Cases reported "Rectal Fistula"

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1/12. Two cases of seminal vesicle fistula.

    Two cases of fistulation into the seminal vesicles are described. One related to Crohn's disease and the other following surgery for carcinoma of the rectum. Both cases were diagnosed by CT sinography. This technique is described and is recommended when attempting to demonstrate the internal communications of difficult perineal fistulae when standard techniques of fistulography fail.
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2/12. Anal-canal duplication in a 6-year-old child.

    A 6-year-old girl with an anal deformity had been complaining of pruritus around the anus. A small pit at 6 o'clock was diagnosed as an anal duplication. Fistulography showed a 0.5-cm-depth fistula without communication to the rectum. A 1.5-cm diameter presacral mass was shown on computed tomography. There was no sacral anomaly. At fistulectomy, the fistula contained mucous, yellow-white fluid. The base was enlarged, probably because of inflammation, but was resected without any invasion of the rectum. histology showed squamous epithelium on the surface of the fistula and columnar epithelium and goblet cells in the base, which confirmed the diagnosis of an anal-canal duplication.
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3/12. oligohydramnios and megacolon in a fetus with vesicorectal fistula and anal-urethral atresia: a case report.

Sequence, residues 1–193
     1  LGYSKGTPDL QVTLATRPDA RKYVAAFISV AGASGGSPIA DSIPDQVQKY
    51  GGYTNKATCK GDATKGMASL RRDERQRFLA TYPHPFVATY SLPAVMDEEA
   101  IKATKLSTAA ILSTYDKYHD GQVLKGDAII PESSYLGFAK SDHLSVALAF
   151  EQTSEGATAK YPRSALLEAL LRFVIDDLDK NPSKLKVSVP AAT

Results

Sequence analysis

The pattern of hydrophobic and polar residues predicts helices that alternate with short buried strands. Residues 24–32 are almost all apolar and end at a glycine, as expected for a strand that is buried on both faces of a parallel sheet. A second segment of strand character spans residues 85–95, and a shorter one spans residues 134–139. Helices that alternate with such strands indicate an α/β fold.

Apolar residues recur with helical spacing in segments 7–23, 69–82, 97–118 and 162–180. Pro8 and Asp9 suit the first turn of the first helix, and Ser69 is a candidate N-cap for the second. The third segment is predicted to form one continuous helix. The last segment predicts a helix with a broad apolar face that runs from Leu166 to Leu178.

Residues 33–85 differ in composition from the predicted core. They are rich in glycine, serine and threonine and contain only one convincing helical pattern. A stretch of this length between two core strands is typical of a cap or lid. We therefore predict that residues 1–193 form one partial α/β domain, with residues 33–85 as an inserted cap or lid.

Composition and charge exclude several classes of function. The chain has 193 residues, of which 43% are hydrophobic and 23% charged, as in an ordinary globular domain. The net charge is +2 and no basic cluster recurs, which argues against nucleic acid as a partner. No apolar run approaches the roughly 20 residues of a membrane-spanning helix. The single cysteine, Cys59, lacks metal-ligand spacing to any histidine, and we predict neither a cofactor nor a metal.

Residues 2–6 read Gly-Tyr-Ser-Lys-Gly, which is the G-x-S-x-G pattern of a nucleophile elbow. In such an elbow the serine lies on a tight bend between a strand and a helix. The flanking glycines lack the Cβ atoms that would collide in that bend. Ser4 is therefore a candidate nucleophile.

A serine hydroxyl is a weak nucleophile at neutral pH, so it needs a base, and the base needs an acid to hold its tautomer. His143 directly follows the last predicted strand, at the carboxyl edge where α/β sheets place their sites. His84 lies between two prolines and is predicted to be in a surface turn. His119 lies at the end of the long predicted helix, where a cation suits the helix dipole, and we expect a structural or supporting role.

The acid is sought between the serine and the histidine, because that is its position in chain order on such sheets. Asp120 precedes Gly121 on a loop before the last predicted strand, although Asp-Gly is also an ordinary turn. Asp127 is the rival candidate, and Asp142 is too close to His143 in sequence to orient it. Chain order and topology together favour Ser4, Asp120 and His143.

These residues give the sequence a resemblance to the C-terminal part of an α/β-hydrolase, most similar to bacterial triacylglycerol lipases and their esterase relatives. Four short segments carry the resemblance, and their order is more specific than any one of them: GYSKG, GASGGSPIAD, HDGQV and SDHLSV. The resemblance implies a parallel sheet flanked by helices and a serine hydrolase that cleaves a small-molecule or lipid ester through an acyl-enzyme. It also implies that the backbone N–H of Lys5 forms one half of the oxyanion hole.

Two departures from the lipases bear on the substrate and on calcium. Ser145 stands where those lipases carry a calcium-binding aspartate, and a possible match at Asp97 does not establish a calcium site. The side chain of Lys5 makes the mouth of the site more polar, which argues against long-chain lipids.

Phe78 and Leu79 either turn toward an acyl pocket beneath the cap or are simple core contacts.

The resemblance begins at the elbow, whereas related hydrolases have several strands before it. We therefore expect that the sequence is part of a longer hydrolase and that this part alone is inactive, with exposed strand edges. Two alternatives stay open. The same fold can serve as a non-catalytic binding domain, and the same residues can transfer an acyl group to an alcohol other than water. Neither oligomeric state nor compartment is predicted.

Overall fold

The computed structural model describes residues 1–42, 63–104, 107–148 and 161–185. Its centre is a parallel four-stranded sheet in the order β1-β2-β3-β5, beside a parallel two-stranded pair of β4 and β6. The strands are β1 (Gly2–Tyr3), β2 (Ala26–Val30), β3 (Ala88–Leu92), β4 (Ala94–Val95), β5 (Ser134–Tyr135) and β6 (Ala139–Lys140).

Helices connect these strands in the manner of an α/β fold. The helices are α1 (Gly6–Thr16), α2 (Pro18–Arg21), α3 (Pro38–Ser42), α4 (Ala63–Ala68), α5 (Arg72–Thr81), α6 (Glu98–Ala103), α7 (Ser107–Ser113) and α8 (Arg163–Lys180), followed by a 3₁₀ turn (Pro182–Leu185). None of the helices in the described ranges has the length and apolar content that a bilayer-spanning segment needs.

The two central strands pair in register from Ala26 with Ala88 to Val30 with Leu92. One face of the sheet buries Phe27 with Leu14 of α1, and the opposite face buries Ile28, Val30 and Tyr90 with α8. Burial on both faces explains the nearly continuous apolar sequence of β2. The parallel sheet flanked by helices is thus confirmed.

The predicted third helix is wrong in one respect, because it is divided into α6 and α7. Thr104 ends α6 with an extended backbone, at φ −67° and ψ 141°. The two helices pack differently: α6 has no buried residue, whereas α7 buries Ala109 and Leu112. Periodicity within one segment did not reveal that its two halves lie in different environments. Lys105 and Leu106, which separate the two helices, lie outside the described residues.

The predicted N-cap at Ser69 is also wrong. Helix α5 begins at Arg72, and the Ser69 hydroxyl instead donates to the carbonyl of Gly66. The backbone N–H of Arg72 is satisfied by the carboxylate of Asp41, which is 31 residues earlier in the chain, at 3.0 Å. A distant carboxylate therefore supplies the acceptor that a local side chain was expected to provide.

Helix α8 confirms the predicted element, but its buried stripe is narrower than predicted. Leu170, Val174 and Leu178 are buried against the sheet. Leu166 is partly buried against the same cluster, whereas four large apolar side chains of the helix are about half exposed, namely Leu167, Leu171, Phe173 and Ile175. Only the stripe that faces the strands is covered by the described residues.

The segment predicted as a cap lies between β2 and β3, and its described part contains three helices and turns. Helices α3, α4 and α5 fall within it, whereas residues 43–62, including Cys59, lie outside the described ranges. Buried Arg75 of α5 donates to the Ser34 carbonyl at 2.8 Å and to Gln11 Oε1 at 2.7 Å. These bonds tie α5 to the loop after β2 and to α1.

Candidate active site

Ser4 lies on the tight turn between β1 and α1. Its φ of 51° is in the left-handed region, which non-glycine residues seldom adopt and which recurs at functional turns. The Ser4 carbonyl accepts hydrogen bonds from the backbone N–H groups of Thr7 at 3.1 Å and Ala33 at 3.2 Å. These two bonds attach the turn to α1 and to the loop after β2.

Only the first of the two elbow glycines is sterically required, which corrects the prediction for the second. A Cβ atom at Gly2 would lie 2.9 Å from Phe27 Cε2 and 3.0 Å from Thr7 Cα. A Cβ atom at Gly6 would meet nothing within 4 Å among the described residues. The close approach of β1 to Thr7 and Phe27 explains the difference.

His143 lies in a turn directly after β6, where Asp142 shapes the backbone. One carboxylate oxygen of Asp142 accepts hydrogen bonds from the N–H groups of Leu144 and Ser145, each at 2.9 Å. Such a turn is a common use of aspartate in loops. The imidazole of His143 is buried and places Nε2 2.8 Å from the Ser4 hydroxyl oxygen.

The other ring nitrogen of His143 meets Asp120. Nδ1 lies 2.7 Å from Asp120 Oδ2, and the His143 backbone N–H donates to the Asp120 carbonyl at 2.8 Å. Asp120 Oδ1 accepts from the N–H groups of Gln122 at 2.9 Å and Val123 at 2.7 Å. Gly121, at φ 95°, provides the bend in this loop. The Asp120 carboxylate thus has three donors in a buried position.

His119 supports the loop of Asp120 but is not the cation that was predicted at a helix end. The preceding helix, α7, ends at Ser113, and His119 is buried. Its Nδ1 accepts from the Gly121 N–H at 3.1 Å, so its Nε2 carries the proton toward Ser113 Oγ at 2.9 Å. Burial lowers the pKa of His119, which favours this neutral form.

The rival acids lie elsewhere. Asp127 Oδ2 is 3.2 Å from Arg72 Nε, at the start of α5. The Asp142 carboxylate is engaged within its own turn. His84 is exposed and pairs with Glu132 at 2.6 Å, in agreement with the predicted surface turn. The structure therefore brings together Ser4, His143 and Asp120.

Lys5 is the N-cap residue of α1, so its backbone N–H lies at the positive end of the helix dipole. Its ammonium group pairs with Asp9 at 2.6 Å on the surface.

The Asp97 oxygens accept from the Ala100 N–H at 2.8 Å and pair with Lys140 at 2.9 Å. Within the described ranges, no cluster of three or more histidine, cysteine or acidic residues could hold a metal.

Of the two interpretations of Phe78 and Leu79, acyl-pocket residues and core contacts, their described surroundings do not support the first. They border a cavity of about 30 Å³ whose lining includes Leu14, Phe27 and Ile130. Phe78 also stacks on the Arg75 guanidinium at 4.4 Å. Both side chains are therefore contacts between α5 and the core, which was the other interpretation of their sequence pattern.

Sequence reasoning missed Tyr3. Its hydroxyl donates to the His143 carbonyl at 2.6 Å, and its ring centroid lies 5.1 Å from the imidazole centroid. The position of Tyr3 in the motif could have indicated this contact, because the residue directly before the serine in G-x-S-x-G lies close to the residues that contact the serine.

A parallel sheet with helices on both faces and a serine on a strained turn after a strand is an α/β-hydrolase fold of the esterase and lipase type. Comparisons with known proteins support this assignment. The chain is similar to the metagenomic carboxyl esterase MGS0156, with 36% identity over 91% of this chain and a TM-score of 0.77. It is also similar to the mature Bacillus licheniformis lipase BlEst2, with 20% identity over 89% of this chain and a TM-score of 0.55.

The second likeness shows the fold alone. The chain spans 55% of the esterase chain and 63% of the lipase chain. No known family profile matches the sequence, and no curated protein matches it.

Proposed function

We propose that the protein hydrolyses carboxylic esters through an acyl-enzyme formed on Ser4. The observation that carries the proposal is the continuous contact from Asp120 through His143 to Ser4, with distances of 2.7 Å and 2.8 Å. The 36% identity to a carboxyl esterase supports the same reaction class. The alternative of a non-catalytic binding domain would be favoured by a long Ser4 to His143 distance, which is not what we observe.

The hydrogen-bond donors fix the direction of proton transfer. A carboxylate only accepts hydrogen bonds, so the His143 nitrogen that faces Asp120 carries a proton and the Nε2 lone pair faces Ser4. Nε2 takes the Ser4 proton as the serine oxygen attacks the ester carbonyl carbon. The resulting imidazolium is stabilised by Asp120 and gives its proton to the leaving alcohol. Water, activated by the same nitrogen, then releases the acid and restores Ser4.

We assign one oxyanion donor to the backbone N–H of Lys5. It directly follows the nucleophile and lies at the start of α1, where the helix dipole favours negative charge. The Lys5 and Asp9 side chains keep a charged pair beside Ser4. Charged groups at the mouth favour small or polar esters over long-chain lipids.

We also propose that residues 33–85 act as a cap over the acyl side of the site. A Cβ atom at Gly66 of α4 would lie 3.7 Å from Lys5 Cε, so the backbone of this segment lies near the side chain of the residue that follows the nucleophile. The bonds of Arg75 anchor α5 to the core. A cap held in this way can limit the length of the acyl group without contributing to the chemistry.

Severe oligohydramnios and extremely dilated bowel filled with hyperechogenic material floating in fluid were the ultrasonographic findings in a fetus at 27 weeks' gestation. Vesicorectal communication and urethral-anal atresia permitted urine to empty into the colon, causing megacolon, oligohydramnios, and markedly increased intraabdominal pressure resulting in pulmonary hypoplasia.
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4/12. Anorectal-vestibular fistula without an imperforate anus in female infants: report of three cases.

    An anorectal-vestibular fistula without an imperforate anus in female infants is a rare clinical condition. This report is based on a series of 3 female infants who had fistulous communication between the bowel and the vestibule coexisting with a normal anus. Redness of the external genitalia over the labia major was the initial symptom in all 3 cases, and a suppurative discharge of pus mixed with stools was also found at the orifice of the fistula. Based on our experience, initial surgery with a double-barrel colostomy followed by a sequential fistulectomy might be safe and curative. We also review the related literature for the pathogenesis.
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5/12. Low anorectal malformation associated with 'ano-urethro-cutaneous' fistula.

    Anorectal malformations are one of the common congenital anomalies encountered in the newborn period. The plethora of anomalies described makes it a complex subject for embryological explanations. Fistulous communications between the blind rectum and the urinary tract are common in boys with high/intermediate anomalies, but it is uncommon in children with low anorectal malformations, more so a double fistula. We are reporting a case of 'ano-uerthro-cutaneous fistula' associated with a low ano rectal malformation.
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6/12. Augmented-pressure colostogram in imperforate anus with fistula.